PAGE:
34. Katayama M, Akaishi T, Nishihira T, Kasai M, Kan M, Yamane I (1986) Primary cultures of serial passages of normal human esophageal epithelial cells in a serum-free medium. In: Kasai M (ed) Esophageal cancer. Proceedings of the International Symposium Cancer of the Esophagus. Excerpta Medica, Amsterdam Princeton Tokyo, pp 31–34Google Scholar
  35. Kuriya Y, Kitamura M, Akaishi T, Hirayama K, Sekine Y, Nishihira T, Kasai M (1983) A new cell line (TE-3) derived from human squamous cell carcinoma of the esophagus. Tohoku J Exp Med 139:377–387Google Scholar
  36. Lu J-B, Yang W-X, Liu J-M, Li Y-S, Qin Y-M (1985) Trends in morbidity and mortality for esophageal cancer in Linxian county, 1959–1983. Int J Cancer 36:643–645Google Scholar
  37. Lu S-H, Hsieh L-L, Luo F-C, Weinstein IB (1988) Amplification of the EGF receptor and c-myc genes in human esophageal cancers. Int J Cancer 42:502–505Google Scholar
  38. Matsuoka H, Sugimachi K, Mori M, Kuwano H, Ohno S, Nakano S (1989) Effects of hyperthermochemoradiotherapy on KSE-1 cells, a newly established human squamous cell line derived from esophageal carcinoma. Eur Surg Res 21:49–59Google Scholar
  39. Matsuoka H, Hori M, Ueo H, Sugimachi K, Urabe A (1991) Characterization of human esophageal carcinoma cell line established on confluent monolayer and advantage of confluent monolayer surface structure for attachment and growth. Pathobiology 59:76–84Google Scholar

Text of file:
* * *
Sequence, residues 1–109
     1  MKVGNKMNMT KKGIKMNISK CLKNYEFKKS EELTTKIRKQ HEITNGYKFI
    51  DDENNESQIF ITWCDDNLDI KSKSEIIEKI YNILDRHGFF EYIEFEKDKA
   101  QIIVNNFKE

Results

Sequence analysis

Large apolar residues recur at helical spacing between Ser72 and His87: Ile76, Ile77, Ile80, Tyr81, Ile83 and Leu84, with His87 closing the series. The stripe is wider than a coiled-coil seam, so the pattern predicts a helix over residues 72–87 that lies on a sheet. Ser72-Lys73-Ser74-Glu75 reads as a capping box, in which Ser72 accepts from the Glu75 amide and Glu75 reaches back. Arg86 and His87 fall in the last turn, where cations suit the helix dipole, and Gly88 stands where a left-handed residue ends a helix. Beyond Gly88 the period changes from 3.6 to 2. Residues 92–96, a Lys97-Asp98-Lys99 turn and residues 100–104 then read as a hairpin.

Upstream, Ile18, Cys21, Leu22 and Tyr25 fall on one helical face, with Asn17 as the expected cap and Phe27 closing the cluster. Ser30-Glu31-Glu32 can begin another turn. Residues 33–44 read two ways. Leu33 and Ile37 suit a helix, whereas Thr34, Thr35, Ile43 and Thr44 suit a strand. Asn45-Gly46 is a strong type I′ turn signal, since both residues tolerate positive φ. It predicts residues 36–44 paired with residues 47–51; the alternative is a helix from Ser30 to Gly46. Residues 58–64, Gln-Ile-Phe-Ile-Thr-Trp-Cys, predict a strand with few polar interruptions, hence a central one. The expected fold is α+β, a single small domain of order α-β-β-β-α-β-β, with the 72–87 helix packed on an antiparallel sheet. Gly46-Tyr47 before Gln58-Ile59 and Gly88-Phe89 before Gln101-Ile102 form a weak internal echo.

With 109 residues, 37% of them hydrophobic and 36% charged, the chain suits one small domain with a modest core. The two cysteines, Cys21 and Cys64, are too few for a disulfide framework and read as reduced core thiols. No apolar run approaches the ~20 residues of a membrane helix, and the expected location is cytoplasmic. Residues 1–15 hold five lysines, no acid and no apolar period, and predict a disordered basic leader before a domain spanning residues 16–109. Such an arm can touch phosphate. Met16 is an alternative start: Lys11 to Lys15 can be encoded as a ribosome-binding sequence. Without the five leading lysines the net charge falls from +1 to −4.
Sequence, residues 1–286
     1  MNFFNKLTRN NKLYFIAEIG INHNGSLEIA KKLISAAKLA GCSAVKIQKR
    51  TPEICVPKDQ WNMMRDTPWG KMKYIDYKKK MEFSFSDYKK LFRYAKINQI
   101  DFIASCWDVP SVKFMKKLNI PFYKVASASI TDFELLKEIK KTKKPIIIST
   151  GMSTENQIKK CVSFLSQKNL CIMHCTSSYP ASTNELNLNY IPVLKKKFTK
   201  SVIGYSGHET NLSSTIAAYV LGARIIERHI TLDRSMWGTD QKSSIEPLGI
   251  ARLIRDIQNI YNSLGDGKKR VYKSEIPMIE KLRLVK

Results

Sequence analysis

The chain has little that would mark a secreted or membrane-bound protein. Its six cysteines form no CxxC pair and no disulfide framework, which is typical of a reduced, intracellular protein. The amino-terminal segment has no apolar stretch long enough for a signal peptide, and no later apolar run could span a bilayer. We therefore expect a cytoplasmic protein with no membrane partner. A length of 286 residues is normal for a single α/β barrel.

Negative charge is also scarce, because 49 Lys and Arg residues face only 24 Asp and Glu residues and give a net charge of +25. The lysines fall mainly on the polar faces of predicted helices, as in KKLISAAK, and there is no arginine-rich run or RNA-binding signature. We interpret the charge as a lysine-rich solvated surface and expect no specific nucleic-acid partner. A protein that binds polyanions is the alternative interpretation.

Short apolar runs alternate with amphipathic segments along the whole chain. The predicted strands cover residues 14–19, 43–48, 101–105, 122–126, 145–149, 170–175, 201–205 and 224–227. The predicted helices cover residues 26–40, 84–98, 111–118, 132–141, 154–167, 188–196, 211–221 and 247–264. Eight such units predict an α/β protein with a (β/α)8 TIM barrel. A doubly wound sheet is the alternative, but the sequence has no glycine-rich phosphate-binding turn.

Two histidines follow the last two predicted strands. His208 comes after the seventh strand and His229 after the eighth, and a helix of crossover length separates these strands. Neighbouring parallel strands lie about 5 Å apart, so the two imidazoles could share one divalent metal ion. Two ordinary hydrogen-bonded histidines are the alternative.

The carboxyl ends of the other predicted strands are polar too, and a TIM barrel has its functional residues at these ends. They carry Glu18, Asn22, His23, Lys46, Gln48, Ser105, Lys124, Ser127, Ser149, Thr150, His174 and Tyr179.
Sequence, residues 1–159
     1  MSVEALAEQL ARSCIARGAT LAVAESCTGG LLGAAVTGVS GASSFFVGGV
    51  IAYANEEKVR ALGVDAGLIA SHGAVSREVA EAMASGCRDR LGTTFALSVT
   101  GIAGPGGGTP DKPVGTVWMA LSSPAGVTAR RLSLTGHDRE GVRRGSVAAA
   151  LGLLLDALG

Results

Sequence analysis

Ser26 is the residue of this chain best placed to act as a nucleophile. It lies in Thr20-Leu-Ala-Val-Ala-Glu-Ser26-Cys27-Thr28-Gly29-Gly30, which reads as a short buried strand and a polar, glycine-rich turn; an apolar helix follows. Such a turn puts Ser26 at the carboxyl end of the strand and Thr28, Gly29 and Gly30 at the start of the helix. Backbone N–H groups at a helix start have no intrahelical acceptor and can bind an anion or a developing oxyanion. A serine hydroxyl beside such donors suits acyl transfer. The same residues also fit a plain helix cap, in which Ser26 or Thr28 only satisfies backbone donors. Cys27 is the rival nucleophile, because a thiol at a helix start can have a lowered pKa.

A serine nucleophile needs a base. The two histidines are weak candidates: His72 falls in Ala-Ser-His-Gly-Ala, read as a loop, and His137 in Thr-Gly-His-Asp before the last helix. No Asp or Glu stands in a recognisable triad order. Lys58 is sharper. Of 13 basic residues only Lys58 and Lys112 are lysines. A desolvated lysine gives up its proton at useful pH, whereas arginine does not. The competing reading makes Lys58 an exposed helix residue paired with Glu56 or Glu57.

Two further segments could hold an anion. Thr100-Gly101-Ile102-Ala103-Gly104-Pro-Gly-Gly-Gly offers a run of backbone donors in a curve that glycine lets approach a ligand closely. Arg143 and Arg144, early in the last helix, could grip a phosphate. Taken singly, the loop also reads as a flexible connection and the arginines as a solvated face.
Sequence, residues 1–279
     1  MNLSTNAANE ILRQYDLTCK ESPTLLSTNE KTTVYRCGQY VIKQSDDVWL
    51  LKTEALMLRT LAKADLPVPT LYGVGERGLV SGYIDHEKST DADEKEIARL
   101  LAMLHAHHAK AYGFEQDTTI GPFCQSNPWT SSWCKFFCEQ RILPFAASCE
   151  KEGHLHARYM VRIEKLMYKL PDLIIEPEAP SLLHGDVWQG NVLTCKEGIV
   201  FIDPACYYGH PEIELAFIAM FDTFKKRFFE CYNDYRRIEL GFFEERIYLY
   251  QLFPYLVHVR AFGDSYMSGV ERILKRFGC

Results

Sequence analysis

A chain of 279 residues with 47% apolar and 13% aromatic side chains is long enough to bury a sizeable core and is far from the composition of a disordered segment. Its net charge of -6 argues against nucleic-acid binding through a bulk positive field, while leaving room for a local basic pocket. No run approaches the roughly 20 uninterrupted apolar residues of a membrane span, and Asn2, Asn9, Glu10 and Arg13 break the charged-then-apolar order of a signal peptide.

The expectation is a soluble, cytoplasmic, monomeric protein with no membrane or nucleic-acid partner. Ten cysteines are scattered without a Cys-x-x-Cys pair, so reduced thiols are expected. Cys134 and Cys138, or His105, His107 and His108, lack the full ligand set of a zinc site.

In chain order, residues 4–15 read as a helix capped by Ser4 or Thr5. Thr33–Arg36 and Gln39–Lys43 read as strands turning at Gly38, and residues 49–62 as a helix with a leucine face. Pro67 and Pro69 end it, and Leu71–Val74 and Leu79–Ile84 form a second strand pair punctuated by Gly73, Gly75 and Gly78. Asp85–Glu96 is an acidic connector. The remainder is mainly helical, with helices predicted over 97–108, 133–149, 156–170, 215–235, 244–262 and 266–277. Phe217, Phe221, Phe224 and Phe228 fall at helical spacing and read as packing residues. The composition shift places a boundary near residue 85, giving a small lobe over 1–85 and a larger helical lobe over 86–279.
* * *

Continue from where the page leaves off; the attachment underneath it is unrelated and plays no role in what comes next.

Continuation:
40. Meltzer SJ, Mane SM, Wood PK, Resau JH, Newkirk C, Terzakis JA, Korelitz BI, Weinstein WM, Needleman SW (1990) Activation of c-Ki-ras in human gastrointestinal dysplasia determined by direct sequencing of polymerase chain reaction products. Cancer Res 50:3627–3630Google Scholar
  41. Meltzer SJ, Yin J, Huang Y, McDaniel TK, Newkirk C, Iseri O, Vogelstein B, Resau JH (1991) Reduction to homozygosity involving p53 in esophageal cancers demonstrated by the polymerase chain reaction. Proc Natl Acad Sci USA 88:4976–4980Google Scholar
  42. Mok CH, Chew EC, Riches DJ, Lee JCK, Huang DP, Hadgis C, Crofts TJ (1987) Biological characteristics of a newly established human oesophageal carcinoma cell line. Anticancer Res 7:409–416Google Scholar
  43. Montesano R, Hall J, Hollstein M, Mironov N, Wild CP (1990) Alkylation repair in human tissues. In: Sutherland BM, Woodhead AD (eds) DNA damage and repair in human tissues. Plenum Press. New York, pp 437–452Google Scholar
  44. Mothersill C, Cusack A, Seymour CB (1988) Radiation-induced out-growth inhibition in explant cultures from surgical specimens of five human organs. Br J Radiol 61:226–230Google Scholar
  45. Nishihira T, Kasai M, Mori S, Watanabe T, Kuriya Y, Suda M, Kitamura M, Hirayama K, Akaishi T, Sasaki T (1979) Characteristics of two two cell lines (TE-1 and TE-2) derived from human squamous cell carcinoma of the esophagus. Gann 70:575–584Google Scholar